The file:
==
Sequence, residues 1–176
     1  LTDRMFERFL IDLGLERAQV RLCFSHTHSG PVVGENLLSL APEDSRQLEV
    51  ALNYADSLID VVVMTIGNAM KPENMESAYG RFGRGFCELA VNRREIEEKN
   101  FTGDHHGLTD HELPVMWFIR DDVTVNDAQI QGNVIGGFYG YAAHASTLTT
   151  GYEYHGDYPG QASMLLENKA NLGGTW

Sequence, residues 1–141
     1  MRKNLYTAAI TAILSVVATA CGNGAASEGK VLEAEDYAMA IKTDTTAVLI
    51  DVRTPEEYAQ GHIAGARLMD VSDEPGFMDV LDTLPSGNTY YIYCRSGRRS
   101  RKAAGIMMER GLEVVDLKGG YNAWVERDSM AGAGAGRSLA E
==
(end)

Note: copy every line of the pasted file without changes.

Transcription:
Sequence, residues 1–176
     1  LTDRMFERFL IDLGLERAQV RLCFSHTHSG PVVGENLLSL APEDSRQLEV
    51  ALNYADSLID VVVMTIGNAM KPENMESAYG RFGRGFCELA VNRREIEEKN
   101  FTGDHHGLTD HELPVMWFIR DDVTVNDAQI QGNVIGGFYG YAAHASTLTT
   151  GYEYHGDYPG QASMLLENKA NLGGTW

Sequence, residues 1–141
     1  MRKNLYTAAI TAILSVVATA CGNGAASEGK VLEAEDYAMA IKTDTTAVLI
    51  DVRTPEEYAQ GHIAGARLMD VSDEPGFMDV LDTLPSGNTY YIYCRSGRRS
   101  RKAAGIMMER GLEVVDLKGG YNAWVERDSM AGAGAGRSLA E